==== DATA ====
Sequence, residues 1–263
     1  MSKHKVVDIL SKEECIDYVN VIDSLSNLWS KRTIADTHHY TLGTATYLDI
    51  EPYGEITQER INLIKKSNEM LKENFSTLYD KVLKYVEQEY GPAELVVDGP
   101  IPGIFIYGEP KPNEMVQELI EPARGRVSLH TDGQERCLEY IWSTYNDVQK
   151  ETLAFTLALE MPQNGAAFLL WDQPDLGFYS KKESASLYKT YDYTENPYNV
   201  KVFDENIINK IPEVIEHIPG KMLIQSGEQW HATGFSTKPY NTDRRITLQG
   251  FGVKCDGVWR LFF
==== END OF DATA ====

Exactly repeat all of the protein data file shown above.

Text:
Sequence, residues 1–263
     1  MSKHKVVDIL SKEECIDYVN VIDSLSNLWS KRTIADTHHY TLGTATYLDI
    51  EPYGEITQER INLIKKSNEM LKENFSTLYD KVLKYVEQEY GPAELVVDGP
   101  IPGIFIYGEP KPNEMVQELI EPARGRVSLH TDGQERCLEY IWSTYNDVQK
   151  ETLAFTLALE MPQNGAAFLL WDQPDLGFYS KKESASLYKT YDYTENPYNV
   201  KVFDENIINK IPEVIEHIPG KMLIQSGEQW HATGFSTKPY NTDRRITLQG
   251  FGVKCDGVWR LFF